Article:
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Government Agrees to Locate Children’s Absent Fathers

November 17, 1990

WASHINGTON (AP) _ The government has agreed to help children fathered and left overseas by American soldiers to make contact with their fathers, the National Archives and a British group announced Friday.

The archives, the Defense Department and War Babes, an organization of about 300 British-born offspring of American fathers from World War II, have agreed to settle a 2-year-old lawsuit intended to force the Archives and Defense Department to help children separated from, and sometimes unknown to, the fathers.

The settlement was signed Thursday and filed in U.S. District Court. It still must be approved a federal judge.

It ″begins to redress the wrongs that started during the war when the Army encouraged men to have a good time, and then prevented them from marrying the mothers of their children and whisked them away so they could not be found,″ said Joan Meier, Washington-based attorney for War Babes.

She added that the settlement will help all children of American veterans who want to know their fathers, including those from the Vietnam War.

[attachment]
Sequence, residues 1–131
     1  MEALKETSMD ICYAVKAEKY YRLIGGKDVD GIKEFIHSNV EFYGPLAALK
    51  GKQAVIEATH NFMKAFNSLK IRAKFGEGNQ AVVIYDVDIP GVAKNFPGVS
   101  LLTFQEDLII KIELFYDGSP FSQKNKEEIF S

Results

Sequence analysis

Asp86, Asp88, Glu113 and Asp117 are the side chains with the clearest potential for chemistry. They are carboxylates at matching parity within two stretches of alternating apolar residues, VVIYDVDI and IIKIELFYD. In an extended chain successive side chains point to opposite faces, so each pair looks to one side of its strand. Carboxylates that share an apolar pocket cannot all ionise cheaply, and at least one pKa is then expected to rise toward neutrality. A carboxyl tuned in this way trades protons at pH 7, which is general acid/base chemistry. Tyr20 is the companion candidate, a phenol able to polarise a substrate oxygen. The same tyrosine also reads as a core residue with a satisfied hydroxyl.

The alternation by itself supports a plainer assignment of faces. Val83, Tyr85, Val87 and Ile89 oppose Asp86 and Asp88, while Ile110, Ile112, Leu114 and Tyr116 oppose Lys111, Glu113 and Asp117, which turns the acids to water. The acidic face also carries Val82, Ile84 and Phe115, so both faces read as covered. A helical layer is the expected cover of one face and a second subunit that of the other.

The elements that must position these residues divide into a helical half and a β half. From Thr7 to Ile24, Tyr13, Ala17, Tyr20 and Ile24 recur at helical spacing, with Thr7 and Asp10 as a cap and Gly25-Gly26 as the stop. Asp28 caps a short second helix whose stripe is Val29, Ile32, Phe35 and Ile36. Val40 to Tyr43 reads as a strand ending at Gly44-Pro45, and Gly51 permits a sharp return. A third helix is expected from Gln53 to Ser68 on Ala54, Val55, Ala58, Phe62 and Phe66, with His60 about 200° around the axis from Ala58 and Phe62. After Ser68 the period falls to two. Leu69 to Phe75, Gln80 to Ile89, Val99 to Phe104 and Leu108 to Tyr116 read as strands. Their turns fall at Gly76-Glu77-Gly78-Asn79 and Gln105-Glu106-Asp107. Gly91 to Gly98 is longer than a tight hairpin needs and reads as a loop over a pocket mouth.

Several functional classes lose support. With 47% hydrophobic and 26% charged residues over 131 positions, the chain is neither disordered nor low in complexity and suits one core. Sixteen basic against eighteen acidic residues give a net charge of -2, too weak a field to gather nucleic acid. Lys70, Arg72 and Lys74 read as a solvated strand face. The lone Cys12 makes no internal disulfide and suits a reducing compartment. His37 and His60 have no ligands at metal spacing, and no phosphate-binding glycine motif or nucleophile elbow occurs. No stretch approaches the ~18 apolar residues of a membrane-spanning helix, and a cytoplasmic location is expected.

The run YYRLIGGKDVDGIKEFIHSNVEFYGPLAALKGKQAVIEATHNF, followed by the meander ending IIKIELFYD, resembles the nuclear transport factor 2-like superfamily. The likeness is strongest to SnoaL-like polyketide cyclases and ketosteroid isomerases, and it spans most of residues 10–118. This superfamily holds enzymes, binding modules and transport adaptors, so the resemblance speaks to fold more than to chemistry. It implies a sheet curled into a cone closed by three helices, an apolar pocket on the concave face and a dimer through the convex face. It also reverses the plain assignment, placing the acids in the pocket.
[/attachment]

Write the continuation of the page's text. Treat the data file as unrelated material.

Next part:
War Babes, based in Birmingham, England, sought to establish that the right of children to information under the U.S. Freedom of Information Act took priority over the Privacy Act.

The Pentagon has cited the Privacy Act prohibitions on provision of information to refuse requests to help reach veterans or active members of the armed forces even where the names and service numbers were provided.

Shirley McGlade, the founder of War Babes, said in an affidavit filed in the case that several fathers have been traced and contrary to the U.S. government position, ″in almost every case the father welcomed his child, often with great joy.″

The government agreed in the settlement to forward certified mail from a son or daughter to the father at the last address listed in the U.S. National Personnel Records Center, operated by the Archives under Pentagon direction.

If the father has died, the government agreed to disclose the address in returning the letter. In other cases, the city and state but not the street address will be provided, Ms. Meier said.

Ms. McGlade was the daughter of a Welsh woman and an American soldier who left not knowing her mother was pregnant, she said. She found her father in California with the help of a U.S. radio program and his friends.

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